By Sue Moore
The weather is getting warmer in these parts of Michigan which brings on more than sunshine: It’s the harbinger of West Nile virus. Although only one percent of the population contracts it, Tracy Glocheski found herself in that tiny minority in 2012 while residing on the south end of Austin Lake, near the swamp on Mandigo Road.
The virus is spread by mosquito bites. She doesn’t know exactly when she was bitten but it took over eight weeks for doctors to pinpoint the cause of her near-paralysis. She and her husband were visiting friends in Allegan when symptoms began.
Her legs were moving uncontrollably. They were like jello, she explained, describing the first symptoms. Then she began to have a seizure, “like I was outside my body looking in,” she said. Her husband, Steve, drove her to the hospital in Allegan. They got lost on the way and had to call an ambulance to pick her up.
The emergency medical technicians kept quizzing her about drugs she might be taking. She hadn’t taken anything and couldn’t convince them of that. Her fever was 104.7 on arrival at the hospital. They were able to stabilize her with ice blankets and then discharged her, still not knowing what had caused the problem.
At home she couldn’t walk. Bright lights hurt her eyes, but her family doctor couldn’t find what was causing her aches and pains. Next it was on to a neurologist and by that time she couldn’t see or move or even turn herself over. It was going to take four weeks before she could get an appointment. Her employer, Tom Cole, at Cole Automotive pulled some strings so she could see a neurologist who fortunately had seen a lot of viruses while serving in the Navy. He knew what to test for and called her the next day with this: “I’ve got good news and bad news. We know what it is, but there is no cure for West Nile virus.”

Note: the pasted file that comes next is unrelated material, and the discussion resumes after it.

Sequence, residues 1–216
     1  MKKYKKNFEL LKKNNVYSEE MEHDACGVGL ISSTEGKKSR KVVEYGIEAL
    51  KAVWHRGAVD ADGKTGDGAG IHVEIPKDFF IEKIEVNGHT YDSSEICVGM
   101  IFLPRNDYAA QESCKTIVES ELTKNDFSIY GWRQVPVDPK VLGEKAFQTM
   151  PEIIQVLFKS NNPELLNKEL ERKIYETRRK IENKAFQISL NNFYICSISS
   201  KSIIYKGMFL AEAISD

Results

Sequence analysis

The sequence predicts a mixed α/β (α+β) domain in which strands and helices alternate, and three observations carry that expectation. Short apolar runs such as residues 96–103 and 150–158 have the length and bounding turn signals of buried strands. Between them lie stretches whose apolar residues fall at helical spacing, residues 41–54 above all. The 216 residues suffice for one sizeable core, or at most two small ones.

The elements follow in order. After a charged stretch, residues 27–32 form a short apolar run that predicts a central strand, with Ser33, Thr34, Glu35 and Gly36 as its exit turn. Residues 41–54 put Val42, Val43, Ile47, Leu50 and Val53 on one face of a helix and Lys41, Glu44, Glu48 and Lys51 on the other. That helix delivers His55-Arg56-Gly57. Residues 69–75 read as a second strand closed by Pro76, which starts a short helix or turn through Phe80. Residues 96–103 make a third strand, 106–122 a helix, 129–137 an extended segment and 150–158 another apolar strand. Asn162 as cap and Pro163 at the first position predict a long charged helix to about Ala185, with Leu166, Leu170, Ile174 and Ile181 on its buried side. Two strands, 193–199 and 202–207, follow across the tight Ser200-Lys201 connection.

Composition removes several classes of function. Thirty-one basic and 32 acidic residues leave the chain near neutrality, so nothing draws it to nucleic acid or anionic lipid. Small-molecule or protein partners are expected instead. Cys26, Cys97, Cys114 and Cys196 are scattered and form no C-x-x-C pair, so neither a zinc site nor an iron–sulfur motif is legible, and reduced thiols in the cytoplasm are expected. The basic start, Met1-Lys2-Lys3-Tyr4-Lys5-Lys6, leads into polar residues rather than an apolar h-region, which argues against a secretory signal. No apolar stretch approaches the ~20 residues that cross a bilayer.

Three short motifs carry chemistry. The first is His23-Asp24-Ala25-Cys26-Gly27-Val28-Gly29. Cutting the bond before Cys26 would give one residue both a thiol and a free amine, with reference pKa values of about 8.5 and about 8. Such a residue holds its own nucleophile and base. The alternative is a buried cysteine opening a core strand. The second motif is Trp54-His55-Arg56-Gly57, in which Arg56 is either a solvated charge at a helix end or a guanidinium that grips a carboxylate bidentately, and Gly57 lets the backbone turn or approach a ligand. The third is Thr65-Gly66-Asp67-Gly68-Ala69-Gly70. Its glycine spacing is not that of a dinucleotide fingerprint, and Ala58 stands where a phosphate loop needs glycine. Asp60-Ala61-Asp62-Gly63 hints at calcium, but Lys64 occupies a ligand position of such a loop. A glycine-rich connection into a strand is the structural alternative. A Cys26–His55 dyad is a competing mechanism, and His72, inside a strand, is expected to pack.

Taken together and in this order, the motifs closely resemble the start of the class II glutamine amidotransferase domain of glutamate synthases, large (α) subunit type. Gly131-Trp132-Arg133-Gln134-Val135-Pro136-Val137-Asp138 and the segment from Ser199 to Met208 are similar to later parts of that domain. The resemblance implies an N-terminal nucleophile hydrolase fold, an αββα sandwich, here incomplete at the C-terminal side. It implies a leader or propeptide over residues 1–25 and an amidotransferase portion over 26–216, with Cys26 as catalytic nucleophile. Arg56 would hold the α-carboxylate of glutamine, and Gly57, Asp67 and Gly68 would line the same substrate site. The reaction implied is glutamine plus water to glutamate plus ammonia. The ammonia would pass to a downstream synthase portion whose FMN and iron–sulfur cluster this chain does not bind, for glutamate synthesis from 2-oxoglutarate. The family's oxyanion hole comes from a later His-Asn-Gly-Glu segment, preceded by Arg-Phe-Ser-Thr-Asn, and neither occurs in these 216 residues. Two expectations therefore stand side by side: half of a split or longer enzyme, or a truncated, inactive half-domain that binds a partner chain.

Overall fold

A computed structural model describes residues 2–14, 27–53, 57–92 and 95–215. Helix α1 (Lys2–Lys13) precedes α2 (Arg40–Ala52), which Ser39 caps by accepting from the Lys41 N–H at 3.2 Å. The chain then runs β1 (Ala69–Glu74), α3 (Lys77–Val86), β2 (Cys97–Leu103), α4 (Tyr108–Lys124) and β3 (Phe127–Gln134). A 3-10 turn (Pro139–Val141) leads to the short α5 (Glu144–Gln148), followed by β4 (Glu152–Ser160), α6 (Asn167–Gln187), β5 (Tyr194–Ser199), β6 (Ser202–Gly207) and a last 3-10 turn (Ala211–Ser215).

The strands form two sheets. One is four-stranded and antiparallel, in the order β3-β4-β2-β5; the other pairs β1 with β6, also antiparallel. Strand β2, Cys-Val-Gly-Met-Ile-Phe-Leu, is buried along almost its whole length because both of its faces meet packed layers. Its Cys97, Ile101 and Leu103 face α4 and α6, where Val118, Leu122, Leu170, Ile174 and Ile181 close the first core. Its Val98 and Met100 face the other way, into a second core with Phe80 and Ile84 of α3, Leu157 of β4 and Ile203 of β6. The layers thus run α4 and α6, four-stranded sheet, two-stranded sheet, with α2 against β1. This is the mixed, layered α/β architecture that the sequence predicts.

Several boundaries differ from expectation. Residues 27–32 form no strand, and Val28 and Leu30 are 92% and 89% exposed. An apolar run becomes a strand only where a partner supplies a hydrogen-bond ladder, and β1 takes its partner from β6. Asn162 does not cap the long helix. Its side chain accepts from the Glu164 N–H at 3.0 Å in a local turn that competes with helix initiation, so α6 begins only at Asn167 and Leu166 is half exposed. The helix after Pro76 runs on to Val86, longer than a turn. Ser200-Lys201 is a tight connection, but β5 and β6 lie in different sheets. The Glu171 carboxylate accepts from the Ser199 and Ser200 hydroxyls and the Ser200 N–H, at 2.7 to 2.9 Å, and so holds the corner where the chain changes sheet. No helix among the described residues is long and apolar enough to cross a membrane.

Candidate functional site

She was told it would take time and the right medications to control the symptoms.
Glocheski began the long road back to getting well. She was able to return to work in 2014 at Cole Automotive, electing to take a position with Cole Krum in Schoolcraft selling automobiles. She had started in sales in Kalamazoo after being laid off in 1999 from Gateway Recovery Services. She grew up between Mendon and Three Rivers, graduating from Mendon High School.
She wondered why she didn’t see many women selling cars and thought she could make it in what was perceived to be a man’s world. She has succeeded, she said, because she listens to the customer and tries to give them what they need and want in a vehicle. “I show people their options and explain why my product and service is better, but never say another is worse for the customer.”
Glocheski is an evangelist for avoiding contact with mosquitos. She cautions people to wear long pants, light clothing and go inside during “mosquito hour” at dusk. DEET is the recommended repellent. Although she now has immunity from the virus, she doesn’t want anybody to go through what she did when even eight months after the onset she still couldn’t say her name. “I had to train myself to be organized and never lost my positive attitude while my mom, husband and a best friend were taking care of me.”
One warning sign of West Nile being present could be seeing a dead bird that didn’t seem to have died of any sort of trauma. Mosquitoes that carry West Nile will often bite a bird which can quickly kill it. In retrospect, she said, “There was a dead crow in my yard that I remember seeing at about the time I was bitten.”